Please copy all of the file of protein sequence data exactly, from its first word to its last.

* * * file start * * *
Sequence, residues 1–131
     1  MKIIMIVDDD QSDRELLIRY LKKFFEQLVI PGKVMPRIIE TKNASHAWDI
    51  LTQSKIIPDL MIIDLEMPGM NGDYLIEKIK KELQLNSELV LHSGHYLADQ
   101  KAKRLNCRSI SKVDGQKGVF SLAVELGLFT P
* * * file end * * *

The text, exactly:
Sequence, residues 1–131
     1  MKIIMIVDDD QSDRELLIRY LKKFFEQLVI PGKVMPRIIE TKNASHAWDI
    51  LTQSKIIPDL MIIDLEMPGM NGDYLIEKIK KELQLNSELV LHSGHYLADQ
   101  KAKRLNCRSI SKVDGQKGVF SLAVELGLFT P